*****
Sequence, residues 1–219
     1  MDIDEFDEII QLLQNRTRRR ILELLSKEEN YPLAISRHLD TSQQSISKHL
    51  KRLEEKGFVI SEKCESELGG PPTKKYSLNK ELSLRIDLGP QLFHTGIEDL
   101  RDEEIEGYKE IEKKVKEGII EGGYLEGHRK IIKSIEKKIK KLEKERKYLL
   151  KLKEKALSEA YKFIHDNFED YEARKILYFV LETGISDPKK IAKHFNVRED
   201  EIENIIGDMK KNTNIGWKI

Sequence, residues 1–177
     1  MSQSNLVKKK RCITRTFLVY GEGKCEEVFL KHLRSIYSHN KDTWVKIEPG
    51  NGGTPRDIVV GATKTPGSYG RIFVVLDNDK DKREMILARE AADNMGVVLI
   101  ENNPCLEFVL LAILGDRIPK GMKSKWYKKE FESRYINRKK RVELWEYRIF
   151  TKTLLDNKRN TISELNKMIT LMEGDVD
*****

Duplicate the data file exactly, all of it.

Sequence, residues 1–219
     1  MDIDEFDEII QLLQNRTRRR ILELLSKEEN YPLAISRHLD TSQQSISKHL
    51  KRLEEKGFVI SEKCESELGG PPTKKYSLNK ELSLRIDLGP QLFHTGIEDL
   101  RDEEIEGYKE IEKKVKEGII EGGYLEGHRK IIKSIEKKIK KLEKERKYLL
   151  KLKEKALSEA YKFIHDNFED YEARKILYFV LETGISDPKK IAKHFNVRED
   201  EIENIIGDMK KNTNIGWKI

Sequence, residues 1–177
     1  MSQSNLVKKK RCITRTFLVY GEGKCEEVFL KHLRSIYSHN KDTWVKIEPG
    51  NGGTPRDIVV GATKTPGSYG RIFVVLDNDK DKREMILARE AADNMGVVLI
   101  ENNPCLEFVL LAILGDRIPK GMKSKWYKKE FESRYINRKK RVELWEYRIF
   151  TKTLLDNKRN TISELNKMIT LMEGDVD